Highland school district’s revised budget proposal may exceed NY tax cap, requiring 60% support
HIGHLAND, N.Y. — School district officials are seeking the “invisible line” that would garner the 60 percent supermajority needed to override the state’s tax cap when voters consider a second budget proposal for 2012-13 on June 19.
The Board of Education has asked district Superintendent Deborah Haab to prepare budget scenarios that would limit the property tax levy increase to 2 percent. But even that percentage would exceed the district’s 0.87 percent limit set by the state, so 60 percent of voters would have to cast “yes” ballots for the plan to be approved.
The district’s initial budget proposal, which called for raising the tax levy by 5.12 percent, was rejected by voters on May 15.
If the school board decides to accept a 2 percent scenario, the stakes for the district will be high. Late last year, Haab sounded the alarm about the district’s finances, saying that under the state’s tax cap, the district will not be able to support mandated programs by 2013-14.
A budget defeat at the polls next month would force the district to freeze its tax levy at the 2011-12 level, which would require cutting $1.18 million from the $36.89 million spending proposal that was rejected two weeks ago.
Reducing the tax levy increase to 2 percent would require $721,237 in cuts from the initial plan, which itself proposed to eliminate six jobs, including a foreign language teacher and a part-time English teacher.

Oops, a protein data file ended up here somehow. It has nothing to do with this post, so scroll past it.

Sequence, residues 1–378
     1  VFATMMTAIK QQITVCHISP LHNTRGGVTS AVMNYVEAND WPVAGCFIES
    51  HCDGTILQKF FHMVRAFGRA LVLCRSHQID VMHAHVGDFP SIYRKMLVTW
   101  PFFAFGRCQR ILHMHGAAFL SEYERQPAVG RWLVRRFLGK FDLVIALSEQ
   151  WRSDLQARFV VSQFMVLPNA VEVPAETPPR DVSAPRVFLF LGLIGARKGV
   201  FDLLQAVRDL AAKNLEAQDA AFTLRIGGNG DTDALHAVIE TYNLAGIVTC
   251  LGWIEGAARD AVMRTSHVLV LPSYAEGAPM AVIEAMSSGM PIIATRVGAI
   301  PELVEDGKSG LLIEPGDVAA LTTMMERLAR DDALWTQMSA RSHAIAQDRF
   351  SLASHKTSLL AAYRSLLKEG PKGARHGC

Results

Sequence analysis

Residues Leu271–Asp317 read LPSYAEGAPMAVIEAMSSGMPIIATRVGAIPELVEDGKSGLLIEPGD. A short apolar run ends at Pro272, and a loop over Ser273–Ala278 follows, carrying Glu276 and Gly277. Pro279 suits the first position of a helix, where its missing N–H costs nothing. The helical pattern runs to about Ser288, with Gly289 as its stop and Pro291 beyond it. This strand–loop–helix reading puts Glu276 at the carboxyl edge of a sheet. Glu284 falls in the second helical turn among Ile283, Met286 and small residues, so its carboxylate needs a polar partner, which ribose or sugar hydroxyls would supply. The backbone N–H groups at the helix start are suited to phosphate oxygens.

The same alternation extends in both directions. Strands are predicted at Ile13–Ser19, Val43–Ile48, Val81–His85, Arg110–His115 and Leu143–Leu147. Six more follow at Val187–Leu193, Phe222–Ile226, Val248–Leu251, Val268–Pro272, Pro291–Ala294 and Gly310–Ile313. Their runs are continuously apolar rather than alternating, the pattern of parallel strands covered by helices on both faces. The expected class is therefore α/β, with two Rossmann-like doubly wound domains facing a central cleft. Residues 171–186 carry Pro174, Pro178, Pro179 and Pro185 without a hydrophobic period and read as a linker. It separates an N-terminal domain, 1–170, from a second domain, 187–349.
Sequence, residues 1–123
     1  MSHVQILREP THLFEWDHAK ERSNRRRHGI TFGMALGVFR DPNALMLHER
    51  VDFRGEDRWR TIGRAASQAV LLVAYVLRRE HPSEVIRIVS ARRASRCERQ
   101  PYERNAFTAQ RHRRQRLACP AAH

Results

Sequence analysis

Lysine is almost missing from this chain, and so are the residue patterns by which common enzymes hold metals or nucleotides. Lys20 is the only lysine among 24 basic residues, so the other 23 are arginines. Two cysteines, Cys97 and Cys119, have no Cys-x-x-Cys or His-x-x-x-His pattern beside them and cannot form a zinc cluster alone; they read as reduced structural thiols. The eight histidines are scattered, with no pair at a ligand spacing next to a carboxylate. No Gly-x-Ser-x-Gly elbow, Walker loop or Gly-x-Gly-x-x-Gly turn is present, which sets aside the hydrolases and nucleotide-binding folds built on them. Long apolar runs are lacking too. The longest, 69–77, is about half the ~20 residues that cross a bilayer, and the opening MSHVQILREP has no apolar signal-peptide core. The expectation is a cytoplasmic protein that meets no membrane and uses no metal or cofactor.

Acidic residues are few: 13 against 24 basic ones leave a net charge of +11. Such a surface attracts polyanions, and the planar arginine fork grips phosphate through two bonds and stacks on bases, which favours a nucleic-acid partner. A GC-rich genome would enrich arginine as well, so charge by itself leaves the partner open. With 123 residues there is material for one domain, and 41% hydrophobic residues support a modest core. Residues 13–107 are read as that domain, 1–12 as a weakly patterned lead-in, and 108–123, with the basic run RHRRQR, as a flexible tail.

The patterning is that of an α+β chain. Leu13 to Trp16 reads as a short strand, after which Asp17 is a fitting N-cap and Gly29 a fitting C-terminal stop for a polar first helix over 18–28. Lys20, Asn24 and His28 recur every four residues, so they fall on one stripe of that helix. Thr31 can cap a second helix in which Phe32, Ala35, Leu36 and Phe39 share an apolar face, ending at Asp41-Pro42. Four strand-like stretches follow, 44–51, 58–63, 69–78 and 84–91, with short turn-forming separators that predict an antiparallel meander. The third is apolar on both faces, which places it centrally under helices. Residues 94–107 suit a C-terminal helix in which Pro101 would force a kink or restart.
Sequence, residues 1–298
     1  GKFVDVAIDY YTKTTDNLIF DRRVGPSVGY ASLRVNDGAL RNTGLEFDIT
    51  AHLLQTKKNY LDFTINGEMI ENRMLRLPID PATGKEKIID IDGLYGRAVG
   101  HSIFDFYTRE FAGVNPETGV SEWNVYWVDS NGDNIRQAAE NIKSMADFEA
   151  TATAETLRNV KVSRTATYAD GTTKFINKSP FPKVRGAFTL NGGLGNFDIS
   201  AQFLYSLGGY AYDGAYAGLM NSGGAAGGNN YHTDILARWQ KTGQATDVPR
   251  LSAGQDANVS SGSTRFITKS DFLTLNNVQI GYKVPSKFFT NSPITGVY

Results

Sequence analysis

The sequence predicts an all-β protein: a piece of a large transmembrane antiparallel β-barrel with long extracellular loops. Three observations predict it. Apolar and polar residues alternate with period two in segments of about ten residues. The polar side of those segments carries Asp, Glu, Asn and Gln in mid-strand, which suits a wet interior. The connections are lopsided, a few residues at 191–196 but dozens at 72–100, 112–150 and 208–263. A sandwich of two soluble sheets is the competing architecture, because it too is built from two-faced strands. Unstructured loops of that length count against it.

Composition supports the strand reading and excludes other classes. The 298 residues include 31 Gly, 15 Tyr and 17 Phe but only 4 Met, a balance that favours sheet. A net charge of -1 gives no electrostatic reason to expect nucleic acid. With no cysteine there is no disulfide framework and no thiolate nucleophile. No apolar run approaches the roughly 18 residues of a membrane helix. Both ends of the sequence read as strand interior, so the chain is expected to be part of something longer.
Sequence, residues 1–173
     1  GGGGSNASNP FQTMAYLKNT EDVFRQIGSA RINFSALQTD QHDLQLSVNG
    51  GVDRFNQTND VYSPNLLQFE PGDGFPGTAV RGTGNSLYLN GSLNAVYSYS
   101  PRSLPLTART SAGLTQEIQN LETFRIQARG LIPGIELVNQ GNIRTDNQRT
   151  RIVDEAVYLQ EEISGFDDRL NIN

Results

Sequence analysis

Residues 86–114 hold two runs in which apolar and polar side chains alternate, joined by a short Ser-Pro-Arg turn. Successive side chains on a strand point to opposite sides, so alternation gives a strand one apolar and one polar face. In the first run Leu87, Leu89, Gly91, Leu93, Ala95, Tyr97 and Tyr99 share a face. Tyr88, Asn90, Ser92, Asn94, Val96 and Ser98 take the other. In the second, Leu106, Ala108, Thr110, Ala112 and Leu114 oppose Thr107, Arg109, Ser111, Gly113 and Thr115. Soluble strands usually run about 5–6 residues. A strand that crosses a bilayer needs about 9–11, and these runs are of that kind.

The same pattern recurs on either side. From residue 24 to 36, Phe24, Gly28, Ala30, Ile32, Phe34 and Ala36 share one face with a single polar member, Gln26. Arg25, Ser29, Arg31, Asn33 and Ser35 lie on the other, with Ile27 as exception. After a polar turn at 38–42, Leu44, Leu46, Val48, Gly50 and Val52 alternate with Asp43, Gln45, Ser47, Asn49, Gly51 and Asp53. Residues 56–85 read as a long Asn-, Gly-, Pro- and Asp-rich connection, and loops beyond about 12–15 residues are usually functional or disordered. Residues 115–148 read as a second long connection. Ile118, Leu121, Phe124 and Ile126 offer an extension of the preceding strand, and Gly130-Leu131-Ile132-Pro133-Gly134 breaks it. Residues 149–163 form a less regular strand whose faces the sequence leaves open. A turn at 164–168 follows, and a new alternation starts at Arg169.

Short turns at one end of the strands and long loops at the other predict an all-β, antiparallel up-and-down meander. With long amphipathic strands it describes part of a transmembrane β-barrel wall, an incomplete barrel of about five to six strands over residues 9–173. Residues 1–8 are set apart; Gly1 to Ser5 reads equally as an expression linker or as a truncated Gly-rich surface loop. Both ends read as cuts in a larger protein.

Fifty-one percent of voters cast their ballots in favor of the first spending plan on May 15, leaving the district 9 percentage points shy of the required supermajority.
Of the 2,030 people who voted on the budget, 1,036 supported it. To reach the 60 percent threshhold, 1,218 “yes” votes were needed.
District officials now are trying to figure out the highest levy increase that 60 percent of voters would support.
“I didn’t know where that invisible line was the first time, and I don’t know where the line is now,” Regina Tantillo-Swanson, the school board vice president, said at a board meeting last week. Continued...
The school boards in New Paltz and Germantown, the only other two school districts in the region to attempt to override the cap on May 15, decided after their original spending plans were shot down to propose new budgets that comply with the tax levy limit, meaning they will need only simple majority approval on June 19.
The Highland school board is exploring a budget that would bring in more revenue than a spending plan that adheres to the district’s 0.87 percent cap, in part because Highland has the smallest limit among 16 districts in the region. The average cap on tax levy increases in the region is 2.81 percent.
Haab said she will highlight options to get to 2 percent at the school board’s next meeting on Tuesday. Those options will include a combination of allocating funds from the district’s reserves and making further spending cuts.
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